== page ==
- October 1, 2021: Vol. 8, Number 9

Why private alternatives are the future of asset allocation

by Jason DeBono

Alternative investment allocations continue to rise in portfolios across the globe as both investment professionals and DIY retail investors seek to cash in on an alternatives market that has been doubled in size over the past 10 years. According to Preqin, a provider of data, analytics, and insights on alternatives, total alternative assets under management have risen from $4 trillion in 2010 to over $10 trillion in 2020 and it’s forecasted to grow to over $17 trillion by 2025.

While this trend looks anything but transitory, what is fueling the growth, and how sustainable will it be? This growth in investor commitments to alts can be attributed to several drivers.

  • The JOBS Act of 2012, which opened the door to crowdfunding, new product structures, broader marketing options, and opportunities for everyday investors to participate in investments historically limited to high-net-worth individuals.
  • Client interest in alternatives, as communicated by retail investors to their financial advisers.
  • The threat of inflation. As inflation has risen and threatens to become a sustained economic problem, retail and institutional investors are turning to hard assets as a hedge.
  • Stock market uncertainty. Though equities have delivered many years of sound returns, investors have begun to question the sustainability of a stock market facing many headwinds, such as the COVID-19 pandemic, swelling public and private debt, geopolitical discord and so on.
  • Access to information. More investors know and understand alternative products because of the general availability of information via the internet, YouTube, podcasts and other communication channels.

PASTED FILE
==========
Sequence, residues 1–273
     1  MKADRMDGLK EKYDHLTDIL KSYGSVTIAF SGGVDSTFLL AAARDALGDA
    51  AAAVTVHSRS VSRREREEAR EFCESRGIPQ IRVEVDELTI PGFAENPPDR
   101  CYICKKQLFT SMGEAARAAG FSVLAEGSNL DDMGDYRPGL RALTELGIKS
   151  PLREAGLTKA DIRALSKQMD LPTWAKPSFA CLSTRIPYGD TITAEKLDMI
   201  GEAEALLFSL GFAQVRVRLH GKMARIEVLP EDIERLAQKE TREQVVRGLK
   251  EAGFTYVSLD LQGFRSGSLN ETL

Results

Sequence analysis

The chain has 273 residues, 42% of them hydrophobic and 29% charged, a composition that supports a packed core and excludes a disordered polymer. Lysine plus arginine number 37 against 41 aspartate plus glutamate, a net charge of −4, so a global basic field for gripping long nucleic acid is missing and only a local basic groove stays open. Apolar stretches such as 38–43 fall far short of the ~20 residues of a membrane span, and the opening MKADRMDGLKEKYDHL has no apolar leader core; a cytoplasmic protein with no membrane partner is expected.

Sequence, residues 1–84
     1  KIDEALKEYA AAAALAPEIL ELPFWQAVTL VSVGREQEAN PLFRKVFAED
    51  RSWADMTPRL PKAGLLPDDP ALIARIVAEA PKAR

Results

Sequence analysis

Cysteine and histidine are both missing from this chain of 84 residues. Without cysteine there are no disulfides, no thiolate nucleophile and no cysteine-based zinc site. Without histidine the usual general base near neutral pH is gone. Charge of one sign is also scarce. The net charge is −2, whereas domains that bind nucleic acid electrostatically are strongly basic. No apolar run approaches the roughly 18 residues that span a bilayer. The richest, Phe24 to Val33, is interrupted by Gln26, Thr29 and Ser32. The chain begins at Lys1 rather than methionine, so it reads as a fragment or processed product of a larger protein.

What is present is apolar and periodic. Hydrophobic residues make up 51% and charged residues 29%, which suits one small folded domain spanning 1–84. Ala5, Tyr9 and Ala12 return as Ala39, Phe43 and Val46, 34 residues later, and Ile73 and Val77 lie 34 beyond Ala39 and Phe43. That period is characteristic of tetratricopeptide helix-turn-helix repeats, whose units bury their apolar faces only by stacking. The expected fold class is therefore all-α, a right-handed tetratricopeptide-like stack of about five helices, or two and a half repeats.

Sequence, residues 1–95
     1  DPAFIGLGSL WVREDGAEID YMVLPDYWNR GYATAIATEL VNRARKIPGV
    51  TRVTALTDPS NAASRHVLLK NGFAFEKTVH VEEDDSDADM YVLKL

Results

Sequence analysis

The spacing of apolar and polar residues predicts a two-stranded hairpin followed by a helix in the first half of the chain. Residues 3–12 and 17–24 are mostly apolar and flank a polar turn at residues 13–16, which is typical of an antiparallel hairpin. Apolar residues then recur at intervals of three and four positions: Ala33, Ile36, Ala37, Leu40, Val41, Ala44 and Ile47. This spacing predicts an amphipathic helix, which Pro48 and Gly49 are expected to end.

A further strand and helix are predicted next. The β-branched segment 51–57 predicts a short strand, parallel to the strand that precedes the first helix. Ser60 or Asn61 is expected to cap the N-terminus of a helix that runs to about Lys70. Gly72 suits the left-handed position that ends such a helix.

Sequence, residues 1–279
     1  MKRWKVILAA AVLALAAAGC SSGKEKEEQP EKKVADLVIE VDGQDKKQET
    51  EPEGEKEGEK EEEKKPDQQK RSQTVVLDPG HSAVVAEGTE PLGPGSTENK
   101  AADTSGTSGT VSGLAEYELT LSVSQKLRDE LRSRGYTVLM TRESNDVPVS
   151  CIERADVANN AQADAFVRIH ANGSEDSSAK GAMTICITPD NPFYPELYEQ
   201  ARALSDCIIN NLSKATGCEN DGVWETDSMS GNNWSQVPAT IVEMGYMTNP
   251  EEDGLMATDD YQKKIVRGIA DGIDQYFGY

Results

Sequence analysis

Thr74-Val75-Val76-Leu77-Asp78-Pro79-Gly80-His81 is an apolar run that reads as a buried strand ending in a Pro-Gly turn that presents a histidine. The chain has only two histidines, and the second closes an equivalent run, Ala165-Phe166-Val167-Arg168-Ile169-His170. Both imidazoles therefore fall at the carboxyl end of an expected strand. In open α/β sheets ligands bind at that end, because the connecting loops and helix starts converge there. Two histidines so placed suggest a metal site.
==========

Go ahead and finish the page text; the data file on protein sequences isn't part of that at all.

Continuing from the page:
With the remarkable increase of alt investment dollars, a much broader base of investors is being attracted to the asset class. With passage of the 2012 JOBS Act, many new fund structures, including Reg A and Reg CF, came to the market. These new structures provided sponsors a general solicitation window that has propelled alternative offerings to the general public through the various social media platforms.

Additionally, with lower financial requirements for investment eligibility, investors who typically didn’t qualify to buy these types of offerings now have access. This will undoubtedly accelerate considerably with the potential passage of the proposed Equal Opportunity for All Investor Act. This act will allow potential investors to prove their financial knowledge and competence through successful completion of an assessment test, rather than the current method of assigning the label of “accredited investor” based on their balance sheet and potential income. More product, more readily available to far more investors, is almost guaranteed to grow alternative asset allocations in coming years.

With newer investors comes a considerable shift toward investment choices that are deemed socially conscious or match the mores of the investor. This has been magnified by recent social movements and growing awareness of the activities and sometimes politics of certain companies and their activities. While this trend has been attempted to be fulfilled in the stock market through collections of hundreds of “socially responsible” mutual funds, the ability to specifically target companies, initiatives and projects in the alternative space is more attractive to many investors.

Returns, or the promise of returns, have always been a driver for alternative investors. Is this perception true? Analysts point to the fact that many alt choices are not quickly liquid, and as such must provide the investor with higher yields to offset the inability to quickly convert to cash. According to Financier Worldwide, an industry information provider, these discounts are often in the range of 30 percent to 35 percent, which has been traditionally attractive to institutional investors — though individual investors are starting to wake up to their promise.